The Argentinian Air Force has developed a microsatellite, called µSAT-3. And thanks to Aurelio Remonda, student at the Universidad Nacional in Cordoba, Argentina, and his project leaders Santiago Rodriguez and Pablo Morales, Tracealyzer plays a part in this national satellite project.
For his thesis work, Aurelio Remonda is developing a communications protocol to download images from the satellite’s two cameras. He’s also using Tracealyzer to estimate how much of the onboard computing capacity his software will use.
“The idea is to establish a terminal session from the ground station to the image acquisition system (IAS) to send commands and retrieve images. All communication is routed through a dedicated MCU on the satellite, a TI TMS570 running FreeRTOS and our own firmware that lets us receive data from the ground station, execute commands, and in some cases send data to the IAS. The MCU needs to understand a set of commands that we define, such as power on/off some modules and enable/disable the communications link,” he says
When he joined the µSAT-3 project in 2017, it had already been under development for some time so hardware and software specifications were mostly in place.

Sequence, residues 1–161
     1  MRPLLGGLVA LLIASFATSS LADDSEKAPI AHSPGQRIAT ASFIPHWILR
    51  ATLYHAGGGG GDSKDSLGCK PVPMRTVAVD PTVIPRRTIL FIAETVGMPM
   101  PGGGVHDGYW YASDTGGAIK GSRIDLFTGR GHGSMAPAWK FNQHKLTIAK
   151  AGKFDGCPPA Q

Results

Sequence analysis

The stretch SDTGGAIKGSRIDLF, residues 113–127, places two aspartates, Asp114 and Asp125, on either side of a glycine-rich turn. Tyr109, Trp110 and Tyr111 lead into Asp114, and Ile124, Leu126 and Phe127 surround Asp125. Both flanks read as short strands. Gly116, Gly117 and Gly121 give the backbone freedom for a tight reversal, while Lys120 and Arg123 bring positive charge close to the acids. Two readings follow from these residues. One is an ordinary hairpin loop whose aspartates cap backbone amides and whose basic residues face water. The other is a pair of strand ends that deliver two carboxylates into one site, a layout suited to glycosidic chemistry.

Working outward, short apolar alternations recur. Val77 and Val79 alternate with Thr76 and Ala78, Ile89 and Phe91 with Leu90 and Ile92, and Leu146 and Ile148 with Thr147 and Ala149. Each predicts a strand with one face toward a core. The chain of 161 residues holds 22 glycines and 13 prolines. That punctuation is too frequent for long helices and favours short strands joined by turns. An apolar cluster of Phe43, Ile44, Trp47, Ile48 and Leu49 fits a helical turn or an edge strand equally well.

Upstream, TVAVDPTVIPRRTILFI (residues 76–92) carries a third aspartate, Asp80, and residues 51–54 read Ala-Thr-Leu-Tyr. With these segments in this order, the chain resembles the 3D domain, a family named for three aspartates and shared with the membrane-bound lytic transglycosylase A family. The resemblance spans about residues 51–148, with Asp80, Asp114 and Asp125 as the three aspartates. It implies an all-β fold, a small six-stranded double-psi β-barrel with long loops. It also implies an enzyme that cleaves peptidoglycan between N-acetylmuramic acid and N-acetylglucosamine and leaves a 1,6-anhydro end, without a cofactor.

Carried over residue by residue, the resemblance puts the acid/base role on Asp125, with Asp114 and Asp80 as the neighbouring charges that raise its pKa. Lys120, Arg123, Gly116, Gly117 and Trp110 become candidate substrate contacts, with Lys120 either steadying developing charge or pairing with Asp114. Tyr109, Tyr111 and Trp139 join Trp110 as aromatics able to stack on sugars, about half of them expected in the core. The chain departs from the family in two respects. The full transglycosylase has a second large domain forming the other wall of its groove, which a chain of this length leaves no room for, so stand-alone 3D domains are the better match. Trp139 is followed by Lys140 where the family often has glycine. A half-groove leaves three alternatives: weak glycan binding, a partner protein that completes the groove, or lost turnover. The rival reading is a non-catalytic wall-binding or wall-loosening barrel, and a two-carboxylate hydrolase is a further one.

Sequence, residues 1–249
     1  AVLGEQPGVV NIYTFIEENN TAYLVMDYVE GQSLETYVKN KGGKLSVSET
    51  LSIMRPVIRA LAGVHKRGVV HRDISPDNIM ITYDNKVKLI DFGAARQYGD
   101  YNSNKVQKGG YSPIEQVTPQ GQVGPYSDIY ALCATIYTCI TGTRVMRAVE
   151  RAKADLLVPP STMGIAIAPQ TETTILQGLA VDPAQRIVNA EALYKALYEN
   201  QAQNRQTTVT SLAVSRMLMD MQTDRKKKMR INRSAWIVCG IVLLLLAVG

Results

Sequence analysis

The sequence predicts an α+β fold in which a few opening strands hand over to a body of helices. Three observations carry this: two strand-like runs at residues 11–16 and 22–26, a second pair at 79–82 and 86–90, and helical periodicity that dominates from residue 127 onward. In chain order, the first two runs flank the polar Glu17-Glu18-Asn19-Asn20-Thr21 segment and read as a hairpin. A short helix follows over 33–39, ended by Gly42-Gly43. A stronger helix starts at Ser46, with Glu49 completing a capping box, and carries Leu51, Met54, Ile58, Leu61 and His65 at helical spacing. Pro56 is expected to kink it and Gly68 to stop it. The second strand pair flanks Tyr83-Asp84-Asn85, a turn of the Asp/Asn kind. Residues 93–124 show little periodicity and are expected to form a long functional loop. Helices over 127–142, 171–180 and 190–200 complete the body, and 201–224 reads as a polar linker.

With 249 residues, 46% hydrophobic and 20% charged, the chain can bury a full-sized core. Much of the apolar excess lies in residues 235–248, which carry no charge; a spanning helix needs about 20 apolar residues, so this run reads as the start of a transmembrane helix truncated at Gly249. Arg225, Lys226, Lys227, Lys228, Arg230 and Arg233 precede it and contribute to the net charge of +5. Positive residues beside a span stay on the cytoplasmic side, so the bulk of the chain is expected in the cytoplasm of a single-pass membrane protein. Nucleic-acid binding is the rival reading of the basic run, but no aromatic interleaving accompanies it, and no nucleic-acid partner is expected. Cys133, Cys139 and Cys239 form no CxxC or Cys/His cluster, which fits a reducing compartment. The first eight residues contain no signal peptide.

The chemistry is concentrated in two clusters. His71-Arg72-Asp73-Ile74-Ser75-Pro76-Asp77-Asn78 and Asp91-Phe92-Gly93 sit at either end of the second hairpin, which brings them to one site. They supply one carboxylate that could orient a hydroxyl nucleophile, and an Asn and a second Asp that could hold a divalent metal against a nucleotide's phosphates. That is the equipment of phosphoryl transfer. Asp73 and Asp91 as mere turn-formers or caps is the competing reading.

“I was given some pretty basic requirements, for example to use FreeRTOS to develop my firmware. Another requirement was to develop it in such a way that it will be easy to add new tasks later, as there will be other people developing software for the satellite after me. And this is really why we are so interested in using Tracealyzer to see what happens in the MCU.”
Percepio donated a free Academic License for Tracealyzer to Aurelio and he is now using it to gather traces and diagrams for the report he’ll turn in sometime in June or July.
If you are studying or teaching embedded development, you too may be able to use Tracealyzer for free. You are welcome to check out our Academic Licenses (scroll to bottom of page).